Two Venezuelan opposition leaders, Leopoldo López and Antonio Ledezma, have been re-arrested, relatives of pair say.
They were under house arrest after accusations of inciting violence during anti-government protests in 2014.
Their families said they did not know where the two had been taken.
The move comes just two days after a controversial vote for a constitutional assembly saw violence on the streets, with at least 10 people killed.
President Nicolás Maduro convened the assembly to rewrite Venezuela’s constitution amid spiralling anti-government protests on 1 May.
He argued that the move would create peace and foster dialogue by bringing together different sectors of Venezuela’s polarised society.
But the opposition accused the president of trying to rewrite the constitution in order to maximise his power and sideline the opposition-controlled legislature.
They boycotted the vote and called on Venezuelans to take to the streets in protest. The election was condemned by Latin American leaders, the European Union and the US.
The day of the election was the deadliest so far since the current wave of protest began.
US Treasury Secretary Steven Mnuchin announced on Monday that the US had imposed sanctions on President Maduro and called him a “dictator who disregards the will of the Venezuelan people”.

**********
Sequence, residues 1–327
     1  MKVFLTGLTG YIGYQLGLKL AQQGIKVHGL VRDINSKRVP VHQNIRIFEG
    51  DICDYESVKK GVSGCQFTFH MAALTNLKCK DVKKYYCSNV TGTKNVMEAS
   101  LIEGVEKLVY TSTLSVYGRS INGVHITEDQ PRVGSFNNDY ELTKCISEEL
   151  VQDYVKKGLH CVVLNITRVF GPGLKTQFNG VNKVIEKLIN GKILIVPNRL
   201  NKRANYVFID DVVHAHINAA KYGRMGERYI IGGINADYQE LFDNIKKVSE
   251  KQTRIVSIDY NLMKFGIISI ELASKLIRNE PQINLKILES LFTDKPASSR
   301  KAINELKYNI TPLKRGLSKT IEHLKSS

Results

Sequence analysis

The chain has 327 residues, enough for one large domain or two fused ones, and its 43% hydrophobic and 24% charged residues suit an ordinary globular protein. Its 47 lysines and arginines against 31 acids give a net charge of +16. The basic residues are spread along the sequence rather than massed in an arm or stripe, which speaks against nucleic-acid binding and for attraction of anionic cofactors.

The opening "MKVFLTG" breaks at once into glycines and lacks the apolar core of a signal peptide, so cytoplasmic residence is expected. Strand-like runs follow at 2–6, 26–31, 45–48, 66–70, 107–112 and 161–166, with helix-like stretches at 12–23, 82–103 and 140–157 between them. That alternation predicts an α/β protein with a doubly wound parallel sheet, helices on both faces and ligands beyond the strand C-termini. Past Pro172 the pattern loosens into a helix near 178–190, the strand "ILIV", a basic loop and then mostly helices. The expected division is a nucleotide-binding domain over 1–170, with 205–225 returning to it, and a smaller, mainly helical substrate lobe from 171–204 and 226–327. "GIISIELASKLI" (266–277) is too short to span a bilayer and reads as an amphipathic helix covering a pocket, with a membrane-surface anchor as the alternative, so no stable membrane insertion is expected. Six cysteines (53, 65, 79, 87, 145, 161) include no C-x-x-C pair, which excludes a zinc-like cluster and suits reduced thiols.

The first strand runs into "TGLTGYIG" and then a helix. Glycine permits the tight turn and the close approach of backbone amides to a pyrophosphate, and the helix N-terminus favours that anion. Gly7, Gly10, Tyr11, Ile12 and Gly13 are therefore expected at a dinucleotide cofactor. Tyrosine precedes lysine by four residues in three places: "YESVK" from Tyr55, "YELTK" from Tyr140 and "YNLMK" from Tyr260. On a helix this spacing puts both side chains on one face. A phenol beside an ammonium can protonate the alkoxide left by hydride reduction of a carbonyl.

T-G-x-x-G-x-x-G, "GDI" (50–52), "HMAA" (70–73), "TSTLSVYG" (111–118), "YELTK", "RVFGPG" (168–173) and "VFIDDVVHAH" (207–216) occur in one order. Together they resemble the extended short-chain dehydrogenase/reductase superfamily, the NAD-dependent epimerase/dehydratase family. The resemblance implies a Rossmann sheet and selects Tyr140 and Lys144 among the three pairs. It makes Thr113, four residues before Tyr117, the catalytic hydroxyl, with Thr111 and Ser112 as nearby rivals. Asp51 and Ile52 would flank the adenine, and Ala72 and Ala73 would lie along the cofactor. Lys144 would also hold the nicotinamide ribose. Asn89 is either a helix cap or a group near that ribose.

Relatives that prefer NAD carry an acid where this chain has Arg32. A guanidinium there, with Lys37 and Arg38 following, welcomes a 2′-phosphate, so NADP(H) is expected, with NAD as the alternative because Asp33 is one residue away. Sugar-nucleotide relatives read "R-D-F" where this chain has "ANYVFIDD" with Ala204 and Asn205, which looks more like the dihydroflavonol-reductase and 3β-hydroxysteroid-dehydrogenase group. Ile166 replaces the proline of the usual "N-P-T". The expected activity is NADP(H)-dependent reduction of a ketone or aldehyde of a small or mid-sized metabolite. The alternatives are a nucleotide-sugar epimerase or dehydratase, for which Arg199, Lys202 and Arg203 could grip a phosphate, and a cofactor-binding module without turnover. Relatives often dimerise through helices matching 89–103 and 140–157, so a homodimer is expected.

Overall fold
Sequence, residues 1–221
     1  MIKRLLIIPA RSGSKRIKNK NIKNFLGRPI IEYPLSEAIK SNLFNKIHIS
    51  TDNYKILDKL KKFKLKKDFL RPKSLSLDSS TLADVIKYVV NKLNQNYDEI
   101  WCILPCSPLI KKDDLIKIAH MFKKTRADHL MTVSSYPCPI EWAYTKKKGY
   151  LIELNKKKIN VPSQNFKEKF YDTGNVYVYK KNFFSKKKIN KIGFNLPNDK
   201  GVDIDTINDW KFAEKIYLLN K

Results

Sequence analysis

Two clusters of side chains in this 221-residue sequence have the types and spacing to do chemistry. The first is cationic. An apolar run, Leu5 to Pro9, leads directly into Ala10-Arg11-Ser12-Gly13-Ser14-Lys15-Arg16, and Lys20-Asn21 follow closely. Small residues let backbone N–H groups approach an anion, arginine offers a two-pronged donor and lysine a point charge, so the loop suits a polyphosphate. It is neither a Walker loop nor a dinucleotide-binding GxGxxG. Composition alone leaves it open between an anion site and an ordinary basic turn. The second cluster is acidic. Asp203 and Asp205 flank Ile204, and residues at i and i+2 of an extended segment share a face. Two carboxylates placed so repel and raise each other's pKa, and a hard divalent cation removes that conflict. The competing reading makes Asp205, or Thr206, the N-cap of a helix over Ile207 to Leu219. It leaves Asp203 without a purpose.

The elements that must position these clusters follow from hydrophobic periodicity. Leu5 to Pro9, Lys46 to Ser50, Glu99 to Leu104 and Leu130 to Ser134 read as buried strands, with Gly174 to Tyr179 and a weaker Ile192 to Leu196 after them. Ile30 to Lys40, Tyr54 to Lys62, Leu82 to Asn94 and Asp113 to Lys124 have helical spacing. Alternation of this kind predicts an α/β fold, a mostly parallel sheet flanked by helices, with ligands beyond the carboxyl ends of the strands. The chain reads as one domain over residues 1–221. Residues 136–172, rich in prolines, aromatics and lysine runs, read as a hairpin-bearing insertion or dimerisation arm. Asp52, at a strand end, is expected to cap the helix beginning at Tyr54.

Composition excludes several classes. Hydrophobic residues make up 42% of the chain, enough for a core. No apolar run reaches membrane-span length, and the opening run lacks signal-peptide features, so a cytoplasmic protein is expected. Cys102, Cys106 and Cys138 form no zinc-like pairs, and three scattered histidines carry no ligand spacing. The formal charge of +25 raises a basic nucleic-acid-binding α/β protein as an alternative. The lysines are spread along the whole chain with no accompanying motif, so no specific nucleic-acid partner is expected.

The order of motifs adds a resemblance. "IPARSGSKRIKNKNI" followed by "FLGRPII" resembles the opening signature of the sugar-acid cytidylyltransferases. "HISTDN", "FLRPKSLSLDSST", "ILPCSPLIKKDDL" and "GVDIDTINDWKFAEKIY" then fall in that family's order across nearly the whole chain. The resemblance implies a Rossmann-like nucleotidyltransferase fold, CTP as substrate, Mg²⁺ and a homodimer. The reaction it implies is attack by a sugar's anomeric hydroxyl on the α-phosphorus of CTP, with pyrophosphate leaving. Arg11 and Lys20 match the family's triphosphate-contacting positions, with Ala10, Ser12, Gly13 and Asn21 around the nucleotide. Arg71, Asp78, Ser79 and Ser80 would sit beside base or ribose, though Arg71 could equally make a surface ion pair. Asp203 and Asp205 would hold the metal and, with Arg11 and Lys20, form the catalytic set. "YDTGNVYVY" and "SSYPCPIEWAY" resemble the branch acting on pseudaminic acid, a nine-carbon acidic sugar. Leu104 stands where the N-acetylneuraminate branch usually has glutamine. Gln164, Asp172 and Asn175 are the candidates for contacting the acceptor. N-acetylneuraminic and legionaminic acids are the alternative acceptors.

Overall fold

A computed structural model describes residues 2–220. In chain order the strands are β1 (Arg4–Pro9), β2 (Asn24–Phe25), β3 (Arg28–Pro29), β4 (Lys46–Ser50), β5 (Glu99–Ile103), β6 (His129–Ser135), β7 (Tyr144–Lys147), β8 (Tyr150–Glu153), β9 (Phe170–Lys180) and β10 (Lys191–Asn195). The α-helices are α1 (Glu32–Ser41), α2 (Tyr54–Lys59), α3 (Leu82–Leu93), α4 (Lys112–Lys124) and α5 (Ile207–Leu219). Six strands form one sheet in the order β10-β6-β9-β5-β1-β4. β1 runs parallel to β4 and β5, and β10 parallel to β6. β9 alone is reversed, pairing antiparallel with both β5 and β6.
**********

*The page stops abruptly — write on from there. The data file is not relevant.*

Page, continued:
Mr López was taken from his home at 12:27 local time (04:27GMT) on Tuesday, his wife, Lilian Tintori, wrote on Twitter.
A video posted showed him being taken away by members of the Venezuelan intelligence service, Sebin.
Lilian Tintori wrote that she would hold President Nicolás Maduro responsible if something were to happen to her husband.
The daughter of Mr Ledezma, Vanessa Ledezma, also posted a video of her father, wearing pyjamas, being taken away by the Sebin.
A woman can be heard shouting “They’re taking Ledezma, they’re taking Ledezma, dictatorship!”
Both Mr Ledezma and Mr López were key figures in the wave of protests which swept through Venezuela in 2014 in which 43 people from both sides of the political divide were killed.
They have played a less prominent role in the most recent protests because they have been under house arrest but their video messages still get reported and shared widely on opposition websites.